There comes a point in life when you stop adopting new technologies – instead, you let them zoom past you like Mack Trucks on life’s great highway, perhaps splashing mud on your face.
I bowed out at the inception of the video-sharing social media app TikTok, which depresses me because it seems to be replacing reading for young people.
It also appears to be shattering the attention span of the very generation that we need to be smarter than previous ones, so they can solve all the problems their predecessors have caused.
I realise how old that makes me sound – that’s the point.
I am led to believe it’s uncool to get your TikToks via Instagram (although perhaps marginally more cool than getting them via Facebook), but that’s the only time I come across them.
And despite my dismay at the medium, I have to admit, Gen Z are very funny on TikTok.
A recent favourite involved a girl role-playing Jane Eyre explaining to her therapist why she is “still seeing that guy” who keeps his wife locked in an “attic-adjacent” room.
“He explained it to me,” she says, “sooo … we’re getting married?”
There is so much to admire about Zoomers, not least their sense of humour in the face of a global environment which feels far less certain than it did in the 1990s, when I came of age.
It seems extraordinary that Gen Xers (and some geriatric Millennials) are the last generation who will ever know what it’s like to be young without a smartphone.
That means we are the last generation who were able to make youthful mistakes, party, travel and love without the internal surveillance of wondering how we should package an experience to serve to an audience later.
We experienced the glories of true solitude and real adventure in a way that seems impossible now.
The body fascism of the ’90s was real, and we will be forever marked by it. But for Gen X, taking a photo of yourself, or any display of rank narcissism, was unthinkable – you would have been mocked for it.
The smartphone and the Kardashiani started a revolution there, and it is impossible not to notice the link between the advent of the forward-facing camera on smartphones and the mental health crisis engulfing young people, particularly girls.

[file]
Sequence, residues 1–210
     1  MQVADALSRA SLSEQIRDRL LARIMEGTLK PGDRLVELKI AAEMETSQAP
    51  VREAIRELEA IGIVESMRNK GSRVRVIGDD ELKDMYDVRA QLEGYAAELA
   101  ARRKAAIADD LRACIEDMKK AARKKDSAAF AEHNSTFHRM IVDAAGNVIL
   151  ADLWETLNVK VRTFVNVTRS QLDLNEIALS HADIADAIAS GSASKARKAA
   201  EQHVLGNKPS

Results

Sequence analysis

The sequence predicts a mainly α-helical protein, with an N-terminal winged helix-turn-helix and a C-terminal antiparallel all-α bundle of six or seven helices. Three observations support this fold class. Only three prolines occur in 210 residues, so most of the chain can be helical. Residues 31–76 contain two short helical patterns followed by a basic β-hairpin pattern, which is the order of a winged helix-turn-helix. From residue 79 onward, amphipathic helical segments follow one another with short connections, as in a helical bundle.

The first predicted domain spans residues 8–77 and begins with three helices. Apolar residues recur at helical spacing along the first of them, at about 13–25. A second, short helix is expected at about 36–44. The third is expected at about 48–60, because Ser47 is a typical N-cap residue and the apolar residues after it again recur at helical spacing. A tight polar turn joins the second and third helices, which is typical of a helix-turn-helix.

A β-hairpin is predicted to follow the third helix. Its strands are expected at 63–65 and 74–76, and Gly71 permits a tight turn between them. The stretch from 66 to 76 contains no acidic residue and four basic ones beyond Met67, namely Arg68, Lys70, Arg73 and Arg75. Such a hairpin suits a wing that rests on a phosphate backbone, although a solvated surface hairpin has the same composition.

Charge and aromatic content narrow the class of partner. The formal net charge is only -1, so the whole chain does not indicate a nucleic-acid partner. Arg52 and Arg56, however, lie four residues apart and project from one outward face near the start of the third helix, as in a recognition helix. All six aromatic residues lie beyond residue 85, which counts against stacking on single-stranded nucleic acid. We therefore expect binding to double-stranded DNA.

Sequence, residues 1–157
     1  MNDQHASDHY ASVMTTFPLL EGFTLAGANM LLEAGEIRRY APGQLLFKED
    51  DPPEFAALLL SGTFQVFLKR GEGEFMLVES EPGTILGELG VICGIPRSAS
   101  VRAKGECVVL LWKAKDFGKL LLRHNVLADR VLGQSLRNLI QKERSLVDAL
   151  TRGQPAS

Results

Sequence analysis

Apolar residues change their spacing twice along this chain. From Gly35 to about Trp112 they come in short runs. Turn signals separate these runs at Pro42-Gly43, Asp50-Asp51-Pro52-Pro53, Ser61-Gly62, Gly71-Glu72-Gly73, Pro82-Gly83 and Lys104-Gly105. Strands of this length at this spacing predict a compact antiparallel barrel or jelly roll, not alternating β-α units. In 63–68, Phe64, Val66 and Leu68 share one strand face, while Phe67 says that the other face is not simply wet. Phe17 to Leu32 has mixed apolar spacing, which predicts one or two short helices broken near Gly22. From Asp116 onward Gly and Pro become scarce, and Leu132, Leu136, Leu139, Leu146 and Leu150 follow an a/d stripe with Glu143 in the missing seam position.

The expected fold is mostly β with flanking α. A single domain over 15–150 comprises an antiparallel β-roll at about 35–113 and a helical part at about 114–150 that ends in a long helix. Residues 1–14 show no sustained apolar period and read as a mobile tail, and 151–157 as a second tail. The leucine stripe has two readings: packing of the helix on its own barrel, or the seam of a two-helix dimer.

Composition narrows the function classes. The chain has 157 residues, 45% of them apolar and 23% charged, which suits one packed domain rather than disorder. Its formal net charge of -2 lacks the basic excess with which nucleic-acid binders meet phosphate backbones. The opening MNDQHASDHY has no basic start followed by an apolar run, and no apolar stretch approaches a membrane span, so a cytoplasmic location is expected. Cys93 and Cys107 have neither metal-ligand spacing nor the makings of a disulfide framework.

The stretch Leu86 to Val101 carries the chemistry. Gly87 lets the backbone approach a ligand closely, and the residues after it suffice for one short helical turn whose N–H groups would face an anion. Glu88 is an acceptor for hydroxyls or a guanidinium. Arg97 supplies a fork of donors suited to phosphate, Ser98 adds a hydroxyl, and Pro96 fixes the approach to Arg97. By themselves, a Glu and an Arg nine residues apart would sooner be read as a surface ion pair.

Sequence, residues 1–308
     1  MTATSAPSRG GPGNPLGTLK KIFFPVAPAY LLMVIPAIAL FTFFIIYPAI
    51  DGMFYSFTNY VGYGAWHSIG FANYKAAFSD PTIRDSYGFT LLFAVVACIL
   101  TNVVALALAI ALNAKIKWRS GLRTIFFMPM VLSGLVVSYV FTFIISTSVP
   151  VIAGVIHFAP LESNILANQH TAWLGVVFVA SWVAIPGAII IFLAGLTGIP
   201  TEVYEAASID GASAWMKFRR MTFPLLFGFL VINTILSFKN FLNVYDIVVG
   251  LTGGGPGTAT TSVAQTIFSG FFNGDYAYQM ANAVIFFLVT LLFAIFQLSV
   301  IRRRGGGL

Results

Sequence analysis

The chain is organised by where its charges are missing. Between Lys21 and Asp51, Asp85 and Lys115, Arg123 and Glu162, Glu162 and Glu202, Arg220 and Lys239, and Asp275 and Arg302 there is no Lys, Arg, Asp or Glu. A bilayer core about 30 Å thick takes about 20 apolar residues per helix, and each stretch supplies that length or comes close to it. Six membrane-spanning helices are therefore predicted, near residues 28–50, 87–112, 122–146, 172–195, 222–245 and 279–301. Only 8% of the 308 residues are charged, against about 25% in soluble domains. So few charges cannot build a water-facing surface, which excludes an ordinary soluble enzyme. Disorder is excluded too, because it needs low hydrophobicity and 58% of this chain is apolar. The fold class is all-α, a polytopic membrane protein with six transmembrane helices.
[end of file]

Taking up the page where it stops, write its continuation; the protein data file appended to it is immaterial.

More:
It is common sense that a device which gives you access to thousands of digitally altered images of impossible body ideals will cause depression and anxiety in girls.
This is compounded by the very currency of social media, where your beauty and your worth can be quantified and tracked in real time, through a simple thumb-push on the “like” button.
It is difficult to write about this topic without sounding like you’re condemning young people, or engaging in the kind of moral panic that every older generation throughout history has engaged in – lamenting the lapse in values among young people these days.
But the evidence is undeniably in, and it demands a response: there is a mental health crisis in young people, particularly girls, that stretches across the developed world.
The uptick in anxiety and depression among pre-teen and teen girls pre-dates Covid, and while there is no doubt the lockdowns exacerbated mental illness for many, the trend is quite separate to the pandemic.
The Australian Bureau of Statistics’ National Study of Mental Health and Wellbeing, released last year, found nearly half of Australian young women aged 16 to 24 years old suffered from an anxiety, depression or substance abuse disorder in the preceding year.
For young men in the same age bracket, the figure was about one in three.
Two other studies published in the Australian and New Zealand Journal of Psychiatry showed alarming levels of mental illness among young people, particularly teenage girls, who are increasingly presenting at emergency departments in mental distress or having self harmed. One of the studies covered girls as young as 10.
Dr Ruth Vine, the deputy chief medical officer for mental health, said the surge in mental health problems among the young was “something happening in many countries at the moment” and that it was “clearly a major concern for mental health reform and service planning”.
Dr Vine said social media could be harmful to young people, but one American researcher is more definitive – he has conducted a comprehensive review of all the available scientific research and concluded that social media is dangerous for teenage girls.
“There is now a great deal of evidence that social media is a substantial cause – not just a tiny correlate – of depression and anxiety, and therefore of related behaviours, including self-harm and suicide,” says Jonathan Haidt, a social psychologist at New York University’s Stern School of Business.
He is most famous for a 2018 book he co-wrote with Greg Lukianoff, called The Coddling of the American Mind, which argued that overprotective parenting and educative methods have weakened resilience in American students.
The authors posited that the campus culture of trigger warnings, “safe spaces” and callings-out of “problematic” people was impeding the social and moral development of college students.
Haidt cites one set of UK data that showed mood disorders were more closely associated with social media use than with marijuana or binge-drinking, and points out that “few parents would knowingly let their daughters become heavy users of anything shown to correlate with mental illness at this level”. And yet here we are, with very little policy response.
There was a huge focus on the health of the elderly during the pandemic but the young were neglected, then and since. The tax system is weighted against them. Their hopes of homeownership are vanishing into the horizon. And they are essentially on their own when it comes to dealing with a revolution in human society and communication; defenceless against technology they are dependent on, but which is harming them.
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